GoodTherapy defines perfectionism as “the need to be or appear to be perfect, or even to believe that it’s possible to achieve perfection.” Medical News Today warns about socially prescribed perfectionism, which is when “individuals believe their social context is excessively demanding, that others judge them harshly, and that they must display perfection to secure approval.” Research links perfectionism to anxiety, depression, suicide (especially among college students), risk of bipolar disorder, high blood pressure, cardiovascular disease and among other things, the death of marriages.
According to Dr. David Hawkins, Director of the Marriage Recover Center and author of over 30 books, “It is well understood that perfectionism is a primary killer of relationships. The perfectionist often expects more from others than they expect from themselves. At the very least perfectionists see faults in another, amplifies them, while minimizing their own weaknesses. This combination is lethal to a marriage.”
Another example of perfectionism’s deathly grip is an article entitled Perfection is destroying the mental health of my millennial generation, published two years ago this month, January 2018. The article hits the nail on the head on many different levels, and its author offers a vulnerable perspective of her generation, which is one that’s grown up with year-round sports, college credit as high schoolers, social media photos and posts of fake perfection, and countless other realities and pressures that no other generation was asked to survive before eighteen. The article makes several points, but my favorites are:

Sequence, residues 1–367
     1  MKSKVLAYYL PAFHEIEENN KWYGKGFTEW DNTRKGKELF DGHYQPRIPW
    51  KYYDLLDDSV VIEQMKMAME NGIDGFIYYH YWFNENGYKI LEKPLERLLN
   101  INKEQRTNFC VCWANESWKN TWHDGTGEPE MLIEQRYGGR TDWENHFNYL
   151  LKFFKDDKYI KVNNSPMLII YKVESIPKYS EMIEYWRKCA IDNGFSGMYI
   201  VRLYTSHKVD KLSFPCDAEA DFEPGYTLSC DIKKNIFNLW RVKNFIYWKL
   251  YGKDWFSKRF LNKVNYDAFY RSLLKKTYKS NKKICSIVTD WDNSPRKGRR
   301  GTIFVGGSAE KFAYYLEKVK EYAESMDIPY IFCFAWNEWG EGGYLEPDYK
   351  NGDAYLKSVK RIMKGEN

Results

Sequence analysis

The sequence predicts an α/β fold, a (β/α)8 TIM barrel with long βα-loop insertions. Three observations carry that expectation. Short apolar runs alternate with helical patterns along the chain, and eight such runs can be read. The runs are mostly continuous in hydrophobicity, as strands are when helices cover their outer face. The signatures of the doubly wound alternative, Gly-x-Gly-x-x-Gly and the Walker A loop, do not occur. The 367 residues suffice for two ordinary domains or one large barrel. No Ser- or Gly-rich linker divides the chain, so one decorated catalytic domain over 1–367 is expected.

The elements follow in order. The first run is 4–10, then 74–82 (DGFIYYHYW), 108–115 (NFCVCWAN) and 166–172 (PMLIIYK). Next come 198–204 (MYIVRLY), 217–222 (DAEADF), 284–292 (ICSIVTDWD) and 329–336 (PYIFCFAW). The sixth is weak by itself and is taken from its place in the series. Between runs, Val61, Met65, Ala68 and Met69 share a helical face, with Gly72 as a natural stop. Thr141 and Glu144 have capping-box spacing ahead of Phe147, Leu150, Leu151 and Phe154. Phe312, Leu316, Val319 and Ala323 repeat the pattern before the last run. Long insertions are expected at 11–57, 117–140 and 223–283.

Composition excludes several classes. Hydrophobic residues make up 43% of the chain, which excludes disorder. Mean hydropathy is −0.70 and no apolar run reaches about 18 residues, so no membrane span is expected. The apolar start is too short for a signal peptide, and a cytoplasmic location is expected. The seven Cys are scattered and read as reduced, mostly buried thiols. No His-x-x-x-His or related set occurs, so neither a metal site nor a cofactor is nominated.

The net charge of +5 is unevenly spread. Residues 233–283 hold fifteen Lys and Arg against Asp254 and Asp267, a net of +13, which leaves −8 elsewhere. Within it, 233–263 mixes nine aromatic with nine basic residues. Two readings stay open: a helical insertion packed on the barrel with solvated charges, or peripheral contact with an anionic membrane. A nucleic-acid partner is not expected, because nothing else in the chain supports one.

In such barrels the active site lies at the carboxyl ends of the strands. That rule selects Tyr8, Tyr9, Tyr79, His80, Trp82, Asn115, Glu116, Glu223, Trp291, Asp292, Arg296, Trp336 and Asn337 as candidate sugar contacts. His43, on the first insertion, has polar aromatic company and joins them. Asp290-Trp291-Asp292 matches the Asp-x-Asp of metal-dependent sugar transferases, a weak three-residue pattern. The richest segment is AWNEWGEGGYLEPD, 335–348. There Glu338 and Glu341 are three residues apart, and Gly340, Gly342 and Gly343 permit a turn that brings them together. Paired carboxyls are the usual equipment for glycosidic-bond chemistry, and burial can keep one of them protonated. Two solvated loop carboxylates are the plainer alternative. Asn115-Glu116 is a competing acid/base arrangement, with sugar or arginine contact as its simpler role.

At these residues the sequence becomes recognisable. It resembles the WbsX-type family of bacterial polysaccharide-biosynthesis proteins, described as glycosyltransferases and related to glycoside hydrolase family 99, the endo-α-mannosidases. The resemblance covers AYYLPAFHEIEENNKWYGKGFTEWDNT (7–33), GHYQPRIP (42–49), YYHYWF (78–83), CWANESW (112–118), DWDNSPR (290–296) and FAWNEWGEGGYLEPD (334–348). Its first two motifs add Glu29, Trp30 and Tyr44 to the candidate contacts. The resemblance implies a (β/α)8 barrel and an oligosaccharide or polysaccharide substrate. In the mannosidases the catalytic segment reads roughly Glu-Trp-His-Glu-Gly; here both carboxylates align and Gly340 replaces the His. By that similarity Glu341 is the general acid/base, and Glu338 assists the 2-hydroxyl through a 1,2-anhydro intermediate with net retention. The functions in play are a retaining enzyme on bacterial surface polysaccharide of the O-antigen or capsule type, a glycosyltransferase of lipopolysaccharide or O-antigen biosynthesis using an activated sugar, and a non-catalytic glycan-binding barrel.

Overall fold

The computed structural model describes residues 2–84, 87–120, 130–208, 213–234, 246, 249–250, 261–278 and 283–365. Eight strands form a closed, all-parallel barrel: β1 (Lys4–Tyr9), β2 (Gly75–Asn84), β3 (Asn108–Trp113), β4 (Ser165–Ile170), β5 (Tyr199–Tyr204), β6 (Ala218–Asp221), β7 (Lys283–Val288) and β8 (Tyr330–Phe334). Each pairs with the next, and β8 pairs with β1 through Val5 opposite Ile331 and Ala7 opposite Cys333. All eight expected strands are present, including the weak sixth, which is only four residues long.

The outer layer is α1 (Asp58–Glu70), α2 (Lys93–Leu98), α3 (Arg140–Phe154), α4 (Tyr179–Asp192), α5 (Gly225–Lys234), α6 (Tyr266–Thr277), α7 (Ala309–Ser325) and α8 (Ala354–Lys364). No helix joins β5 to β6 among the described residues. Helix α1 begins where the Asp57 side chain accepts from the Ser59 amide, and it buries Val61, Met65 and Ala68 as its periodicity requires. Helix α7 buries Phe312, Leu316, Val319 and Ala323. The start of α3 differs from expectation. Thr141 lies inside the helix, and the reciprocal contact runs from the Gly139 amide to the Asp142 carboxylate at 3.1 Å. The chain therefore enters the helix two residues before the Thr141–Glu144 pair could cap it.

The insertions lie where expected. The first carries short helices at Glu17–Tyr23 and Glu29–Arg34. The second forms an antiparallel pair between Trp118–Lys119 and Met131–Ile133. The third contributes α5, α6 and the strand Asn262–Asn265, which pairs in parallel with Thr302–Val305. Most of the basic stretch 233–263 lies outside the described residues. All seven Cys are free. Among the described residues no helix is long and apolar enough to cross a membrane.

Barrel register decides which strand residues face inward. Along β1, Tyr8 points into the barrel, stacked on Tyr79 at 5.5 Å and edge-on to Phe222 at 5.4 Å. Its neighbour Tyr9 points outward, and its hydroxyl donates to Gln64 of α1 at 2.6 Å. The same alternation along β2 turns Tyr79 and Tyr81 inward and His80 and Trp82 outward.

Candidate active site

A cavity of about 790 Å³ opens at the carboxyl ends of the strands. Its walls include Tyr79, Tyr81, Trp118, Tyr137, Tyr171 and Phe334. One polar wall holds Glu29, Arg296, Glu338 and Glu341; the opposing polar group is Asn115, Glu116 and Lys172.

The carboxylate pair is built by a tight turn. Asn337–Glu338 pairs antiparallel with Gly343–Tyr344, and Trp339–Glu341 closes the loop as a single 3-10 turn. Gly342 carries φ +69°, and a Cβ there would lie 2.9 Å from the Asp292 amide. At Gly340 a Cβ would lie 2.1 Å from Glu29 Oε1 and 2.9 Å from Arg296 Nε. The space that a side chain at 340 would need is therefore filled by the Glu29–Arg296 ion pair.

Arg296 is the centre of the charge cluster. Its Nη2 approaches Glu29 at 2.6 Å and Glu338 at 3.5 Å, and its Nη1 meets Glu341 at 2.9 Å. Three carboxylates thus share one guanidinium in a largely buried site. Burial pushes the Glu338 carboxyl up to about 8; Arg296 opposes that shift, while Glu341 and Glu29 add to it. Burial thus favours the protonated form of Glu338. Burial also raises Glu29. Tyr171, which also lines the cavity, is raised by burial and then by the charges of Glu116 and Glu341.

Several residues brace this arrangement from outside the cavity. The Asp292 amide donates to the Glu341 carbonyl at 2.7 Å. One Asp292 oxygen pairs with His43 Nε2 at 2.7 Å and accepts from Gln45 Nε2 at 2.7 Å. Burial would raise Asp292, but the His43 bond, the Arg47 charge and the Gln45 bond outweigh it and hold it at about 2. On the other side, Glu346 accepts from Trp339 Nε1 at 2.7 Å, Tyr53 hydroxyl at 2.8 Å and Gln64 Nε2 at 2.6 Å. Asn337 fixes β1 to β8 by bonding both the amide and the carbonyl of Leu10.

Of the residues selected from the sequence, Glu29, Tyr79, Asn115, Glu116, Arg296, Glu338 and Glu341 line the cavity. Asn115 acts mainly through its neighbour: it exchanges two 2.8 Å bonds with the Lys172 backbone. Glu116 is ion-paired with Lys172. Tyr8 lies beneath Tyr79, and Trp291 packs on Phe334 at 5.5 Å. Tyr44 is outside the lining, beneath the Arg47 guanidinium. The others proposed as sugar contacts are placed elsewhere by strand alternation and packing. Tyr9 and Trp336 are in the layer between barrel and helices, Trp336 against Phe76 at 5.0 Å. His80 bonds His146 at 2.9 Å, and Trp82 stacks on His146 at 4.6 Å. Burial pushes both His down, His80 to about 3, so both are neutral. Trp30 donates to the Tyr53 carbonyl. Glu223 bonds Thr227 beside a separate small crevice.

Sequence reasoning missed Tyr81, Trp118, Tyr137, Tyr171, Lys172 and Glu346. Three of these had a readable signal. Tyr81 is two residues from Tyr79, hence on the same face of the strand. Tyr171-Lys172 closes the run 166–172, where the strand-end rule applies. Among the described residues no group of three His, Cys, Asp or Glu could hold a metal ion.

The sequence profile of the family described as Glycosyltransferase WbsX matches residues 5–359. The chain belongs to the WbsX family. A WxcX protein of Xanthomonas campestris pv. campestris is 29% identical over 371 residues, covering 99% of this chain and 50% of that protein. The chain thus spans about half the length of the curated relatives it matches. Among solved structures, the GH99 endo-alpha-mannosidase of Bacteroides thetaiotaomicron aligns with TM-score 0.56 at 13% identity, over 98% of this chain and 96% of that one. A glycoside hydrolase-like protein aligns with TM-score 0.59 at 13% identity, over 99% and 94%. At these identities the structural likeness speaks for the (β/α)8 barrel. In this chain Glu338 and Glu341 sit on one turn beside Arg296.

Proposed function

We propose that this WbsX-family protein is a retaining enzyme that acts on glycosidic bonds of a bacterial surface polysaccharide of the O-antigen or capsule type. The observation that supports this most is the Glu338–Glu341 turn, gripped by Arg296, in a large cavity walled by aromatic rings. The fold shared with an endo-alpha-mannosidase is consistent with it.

- “When Facebook launched, students were the perfect customers- because we were desperate for the validation it offered.”
- “If you’re a millennial (broadly defined as anyone aged between 18 and 35), there’s a good chance that perfectionism really is your biggest weakness.”
Not many traits have mental health issues, the unraveling of marriages, and an Achilles heel of an entire generation listed in their disclaimer. For those who are convinced perfectionism is a strength, not a weakness, I ask you to reconsider your stance. To the millennial generation that society has done a disservice to with unprecedented pressure to never fail or misstep, I offer you a new perspective.
Perfectionism implies a lack of scars and heartache. It suggests that every choice and every decision ever made has been made correctly. This leaves little to no room for human growth. Struggle. Pain. Missteps. Lessons learned. These are the times we find our true selves. These are the times we see who steps forward to support us, an action much easier when our lives are bright and beautiful. In other words, it’s the parts of life that aren’t easy where depth is found and character is defined.
Here’s the truth: No one is perfect and if you think you are then you’ve just exposed your flaw. Stop comparing yourselves to others, and start loving your journey through life- imperfect and all.
Author: Evelyn Lindell
Certified Health & Wellness Coach